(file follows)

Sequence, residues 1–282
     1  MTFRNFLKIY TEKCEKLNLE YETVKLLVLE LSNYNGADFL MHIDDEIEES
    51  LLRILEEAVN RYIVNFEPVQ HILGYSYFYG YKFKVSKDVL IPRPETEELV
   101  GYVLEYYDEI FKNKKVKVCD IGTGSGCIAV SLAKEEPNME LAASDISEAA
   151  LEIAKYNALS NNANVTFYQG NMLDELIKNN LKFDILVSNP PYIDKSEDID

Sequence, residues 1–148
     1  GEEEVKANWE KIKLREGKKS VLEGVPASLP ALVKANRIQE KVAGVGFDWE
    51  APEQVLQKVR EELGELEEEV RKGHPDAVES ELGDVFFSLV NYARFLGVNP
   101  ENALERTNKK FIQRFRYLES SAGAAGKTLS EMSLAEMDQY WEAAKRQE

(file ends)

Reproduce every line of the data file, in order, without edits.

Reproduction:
Sequence, residues 1–282
     1  MTFRNFLKIY TEKCEKLNLE YETVKLLVLE LSNYNGADFL MHIDDEIEES
    51  LLRILEEAVN RYIVNFEPVQ HILGYSYFYG YKFKVSKDVL IPRPETEELV
   101  GYVLEYYDEI FKNKKVKVCD IGTGSGCIAV SLAKEEPNME LAASDISEAA
   151  LEIAKYNALS NNANVTFYQG NMLDELIKNN LKFDILVSNP PYIDKSEDID

Sequence, residues 1–148
     1  GEEEVKANWE KIKLREGKKS VLEGVPASLP ALVKANRIQE KVAGVGFDWE
    51  APEQVLQKVR EELGELEEEV RKGHPDAVES ELGDVFFSLV NYARFLGVNP
   101  ENALERTNKK FIQRFRYLES SAGAAGKTLS EMSLAEMDQY WEAAKRQE